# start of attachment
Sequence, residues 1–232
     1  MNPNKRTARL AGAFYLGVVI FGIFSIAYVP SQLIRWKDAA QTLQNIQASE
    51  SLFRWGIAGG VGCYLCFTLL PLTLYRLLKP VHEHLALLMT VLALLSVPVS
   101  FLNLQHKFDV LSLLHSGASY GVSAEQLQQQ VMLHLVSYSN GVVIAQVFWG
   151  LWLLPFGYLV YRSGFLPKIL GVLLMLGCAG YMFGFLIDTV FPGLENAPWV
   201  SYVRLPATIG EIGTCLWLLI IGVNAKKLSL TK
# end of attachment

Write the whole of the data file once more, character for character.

Sequence, residues 1–232
     1  MNPNKRTARL AGAFYLGVVI FGIFSIAYVP SQLIRWKDAA QTLQNIQASE
    51  SLFRWGIAGG VGCYLCFTLL PLTLYRLLKP VHEHLALLMT VLALLSVPVS
   101  FLNLQHKFDV LSLLHSGASY GVSAEQLQQQ VMLHLVSYSN GVVIAQVFWG
   151  LWLLPFGYLV YRSGFLPKIL GVLLMLGCAG YMFGFLIDTV FPGLENAPWV
   201  SYVRLPATIG EIGTCLWLLI IGVNAKKLSL TK